GVV was created for business ethics programs, but its lessons are broad and apply to all professionals in every field including fine arts, liberal arts, communication studies, social and natural sciences, engineering, education, social work, and medicine. The GVV series can serve as a springboard for further discussion of ethics and values as they pertain to individuals’ professional and personal lives.

GVV identifies the many ways that individuals can – and do – voice their values in the workplace. It teaches people how to build the “moral muscles” necessary to do so, and details the strategies people can use to find the motivation, skill, and confidence to “give voice to their values.”

The goal of GVV is to act consistently with our most deeply held convictions about right and wrong. Research and experience demonstrate that values conflicts will inevitably occur in our professional and personal lives. So, when what we believe and want to accomplish seems to be in opposition to the demands of others (peers, supervisors, organizations, etc.), the ability to successfully voice our values and navigate these differences is crucial. This is the starting point for the GVV curriculum.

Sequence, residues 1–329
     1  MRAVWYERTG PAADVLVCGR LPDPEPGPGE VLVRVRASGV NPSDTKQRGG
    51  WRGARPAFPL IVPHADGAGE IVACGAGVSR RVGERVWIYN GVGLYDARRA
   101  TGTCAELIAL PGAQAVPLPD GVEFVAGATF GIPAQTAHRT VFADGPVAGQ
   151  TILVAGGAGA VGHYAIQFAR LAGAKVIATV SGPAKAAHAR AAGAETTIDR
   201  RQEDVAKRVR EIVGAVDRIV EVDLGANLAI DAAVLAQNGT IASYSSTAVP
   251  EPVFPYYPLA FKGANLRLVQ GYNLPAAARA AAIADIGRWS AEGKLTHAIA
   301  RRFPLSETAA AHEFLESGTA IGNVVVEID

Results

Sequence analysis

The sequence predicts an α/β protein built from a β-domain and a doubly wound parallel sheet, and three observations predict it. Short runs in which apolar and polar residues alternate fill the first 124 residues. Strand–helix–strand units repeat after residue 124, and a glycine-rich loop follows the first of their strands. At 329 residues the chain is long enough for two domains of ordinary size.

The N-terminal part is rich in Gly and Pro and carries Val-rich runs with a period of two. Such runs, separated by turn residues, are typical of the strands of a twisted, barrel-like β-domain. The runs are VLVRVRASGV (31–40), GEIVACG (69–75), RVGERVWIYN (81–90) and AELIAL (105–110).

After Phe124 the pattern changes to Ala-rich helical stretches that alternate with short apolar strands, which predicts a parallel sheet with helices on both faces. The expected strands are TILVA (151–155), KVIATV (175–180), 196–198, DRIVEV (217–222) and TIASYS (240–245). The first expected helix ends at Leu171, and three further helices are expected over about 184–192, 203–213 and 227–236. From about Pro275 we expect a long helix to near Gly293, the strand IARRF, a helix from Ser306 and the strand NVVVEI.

GVV consists of seven principles, or pillars, that represent ways of thinking about values, our identity, and our own capabilities. The seven pillars of GVV are: Values, Choice, Normalization, Purpose, Self-Knowledge & Alignment, Voice, and Reasons & Rationalizations. Each video in the GVV series introduces and explains one of the GVV pillars.

Gentile also describes the factors that affect ethical behavior and offers techniques for resisting unethical actions. Ultimately, the curriculum helps people build and practice the skills they need to recognize, speak, and act on their values effectively when conflicts arise.

The GVV approach includes:

  • How a leader raises values-based issues in an effective manner – what she/he needs to do to be heard and how to correct an existing course of action when necessary.
  • An emphasis on self-assessment and a focus on individual strengths when looking for a way to align one’s individual sense of purpose with that of an organization.
  • Opportunities to construct and practice responses to frequently heard reasons and rationalizations for not acting on one’s values.
  • Positive examples of times when people have found ways to voice and thereby implement their values in the workplace.
  • Practice in providing peer feedback and coaching.

Additional Resources

Giving Voice to Values case studies, curriculum, and additional teaching pedagogy are available at no cost to educators at the Giving Voice to Values Curriculum website.

For a discussion of the “GVV Starting Assumptions,” see Chapter One of Giving Voice to Values , “Giving Voice to Our Values: The Thought Experiment.”